13. Thank you for sharing these wonderful pictures – for those of us who wish we could have been there! Hope to make one of these upcoming events and meet some of you in this TDL family:)

    Liked by 1 person

  14. Anne says:

    All so positive and uplifting.
    Wonderful to be given the Aramaic translation……. Incomplete.that helps me much more!

    Liked by 2 people

  15. Barbara Dore says:

    very interesting

    Liked by 1 person

  16. Murt. says:

    Hello Charlie,

    A moment of your time if you will and a subject I will try to keep short. I do tend to ramble on with my meander but I tend to put it down to the interconnectedness of the fingers of the mind. I tend to try to write as I would talk and would be inclined to think I may be better at conversation. Eye contact it seems tends to make the mind less busy fingered which would hopefully leave room for a more thoughtful reply.

    A thought came to me today as someone asked me to say The Rosary tomorrow (22.06.15), and the two days following at twelve noon in our own timezone. It seems it is a thought of someone who seems to be of a mind with our Most Holy Mother. Not a great one is this writer with regard to having found God or His Son as you know from my annoying meander to you. I do believe in a Creator of all things, invoke His Most Precious Son, and for the most part sincerely believe This Son knows this old fool.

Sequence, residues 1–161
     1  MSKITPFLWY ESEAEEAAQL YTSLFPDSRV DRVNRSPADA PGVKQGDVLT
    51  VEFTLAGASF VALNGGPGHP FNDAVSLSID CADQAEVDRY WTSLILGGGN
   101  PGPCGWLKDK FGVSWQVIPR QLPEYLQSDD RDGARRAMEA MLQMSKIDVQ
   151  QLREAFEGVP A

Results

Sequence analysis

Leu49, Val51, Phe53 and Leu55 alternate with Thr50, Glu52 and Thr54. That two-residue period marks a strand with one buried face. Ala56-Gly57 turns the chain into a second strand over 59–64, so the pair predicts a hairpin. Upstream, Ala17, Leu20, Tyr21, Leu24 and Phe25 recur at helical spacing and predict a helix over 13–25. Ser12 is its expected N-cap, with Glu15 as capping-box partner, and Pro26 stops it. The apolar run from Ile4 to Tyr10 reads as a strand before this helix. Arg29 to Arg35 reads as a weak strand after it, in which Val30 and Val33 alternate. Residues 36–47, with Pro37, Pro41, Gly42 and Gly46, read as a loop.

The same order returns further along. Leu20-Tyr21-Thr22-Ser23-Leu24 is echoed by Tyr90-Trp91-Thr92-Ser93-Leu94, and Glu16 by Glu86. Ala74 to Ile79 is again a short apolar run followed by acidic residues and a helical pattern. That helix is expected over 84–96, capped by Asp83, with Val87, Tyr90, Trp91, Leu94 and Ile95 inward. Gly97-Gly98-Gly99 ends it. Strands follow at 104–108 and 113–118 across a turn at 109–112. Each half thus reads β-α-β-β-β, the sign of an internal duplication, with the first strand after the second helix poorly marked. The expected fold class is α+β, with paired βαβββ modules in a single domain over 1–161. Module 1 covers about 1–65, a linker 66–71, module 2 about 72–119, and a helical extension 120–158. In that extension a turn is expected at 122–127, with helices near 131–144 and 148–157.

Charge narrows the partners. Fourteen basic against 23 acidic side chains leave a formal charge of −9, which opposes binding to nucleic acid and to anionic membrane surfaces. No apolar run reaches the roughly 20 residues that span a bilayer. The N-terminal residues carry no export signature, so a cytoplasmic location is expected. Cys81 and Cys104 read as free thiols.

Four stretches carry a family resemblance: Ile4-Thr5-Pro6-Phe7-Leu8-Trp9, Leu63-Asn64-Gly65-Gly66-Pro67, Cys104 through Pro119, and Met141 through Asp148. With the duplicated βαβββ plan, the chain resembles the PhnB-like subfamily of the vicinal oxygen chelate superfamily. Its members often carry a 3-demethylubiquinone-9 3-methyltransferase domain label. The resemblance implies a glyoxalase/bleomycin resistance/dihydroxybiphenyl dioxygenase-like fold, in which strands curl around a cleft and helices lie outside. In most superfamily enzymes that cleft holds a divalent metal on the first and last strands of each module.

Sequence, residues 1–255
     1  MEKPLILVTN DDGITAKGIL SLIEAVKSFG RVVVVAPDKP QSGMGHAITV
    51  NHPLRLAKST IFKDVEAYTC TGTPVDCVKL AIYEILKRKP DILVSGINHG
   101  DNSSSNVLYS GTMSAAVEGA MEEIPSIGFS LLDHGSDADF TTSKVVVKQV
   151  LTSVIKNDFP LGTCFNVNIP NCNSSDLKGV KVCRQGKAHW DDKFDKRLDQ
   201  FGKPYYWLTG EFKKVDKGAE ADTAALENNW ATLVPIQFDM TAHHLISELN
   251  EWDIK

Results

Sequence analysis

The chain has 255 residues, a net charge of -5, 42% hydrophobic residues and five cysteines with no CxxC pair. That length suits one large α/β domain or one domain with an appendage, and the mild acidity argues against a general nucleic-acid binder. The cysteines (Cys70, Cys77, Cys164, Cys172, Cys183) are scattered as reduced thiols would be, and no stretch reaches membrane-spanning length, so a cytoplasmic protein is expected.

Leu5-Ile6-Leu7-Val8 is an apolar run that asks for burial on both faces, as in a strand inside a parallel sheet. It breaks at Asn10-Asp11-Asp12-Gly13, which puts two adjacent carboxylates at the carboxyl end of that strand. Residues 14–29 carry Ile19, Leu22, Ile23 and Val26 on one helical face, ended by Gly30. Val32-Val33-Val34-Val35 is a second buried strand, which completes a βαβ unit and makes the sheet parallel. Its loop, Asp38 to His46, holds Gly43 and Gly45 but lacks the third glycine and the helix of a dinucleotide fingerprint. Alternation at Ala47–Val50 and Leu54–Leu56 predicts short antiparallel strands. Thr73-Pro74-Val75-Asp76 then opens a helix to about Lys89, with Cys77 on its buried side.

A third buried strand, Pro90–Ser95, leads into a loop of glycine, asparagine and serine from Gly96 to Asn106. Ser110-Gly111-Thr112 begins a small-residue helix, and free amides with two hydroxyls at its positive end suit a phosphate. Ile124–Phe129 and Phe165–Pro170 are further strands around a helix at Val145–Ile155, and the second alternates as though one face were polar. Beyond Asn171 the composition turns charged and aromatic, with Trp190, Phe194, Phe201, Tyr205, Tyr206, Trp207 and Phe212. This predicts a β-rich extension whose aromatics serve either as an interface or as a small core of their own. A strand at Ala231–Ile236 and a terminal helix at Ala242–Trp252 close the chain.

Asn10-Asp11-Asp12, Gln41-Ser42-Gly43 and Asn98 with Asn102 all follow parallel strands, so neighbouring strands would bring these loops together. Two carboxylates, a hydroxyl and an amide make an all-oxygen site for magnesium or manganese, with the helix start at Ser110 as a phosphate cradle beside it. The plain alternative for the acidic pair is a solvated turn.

This Holy Mother though I have a very great belief in. Even as I know in my bad moments of a most useless servant I do know She may cast Her eye in my direction. That Great Lady has had Her Cloak about me on a number of occasions even as I question some difficult times. For this reason I think it would be remiss of me not to pass on what could be a genuine thought on behalf of all of us.

    There are good people out there. There are bad people out there. But as you so often point out, discernment is all as we travel this road of life. We have to pray for all those out there in those times who seem to think they have important messages for the times we live in. As always, I would leave it to your own discretion as to what you do with this mail. You do have a large following though here it would appear. Mostly a good meaning sort of following who believe in Our Creator. As my old mother would have said on many occasions……….No prayer is ever gone to waste. Which leads me to think of three more Rosaries said by a few more souls on behalf of a few more souls will have their own reward.

    Regards and God speed, Murt.

    Liked by 1 person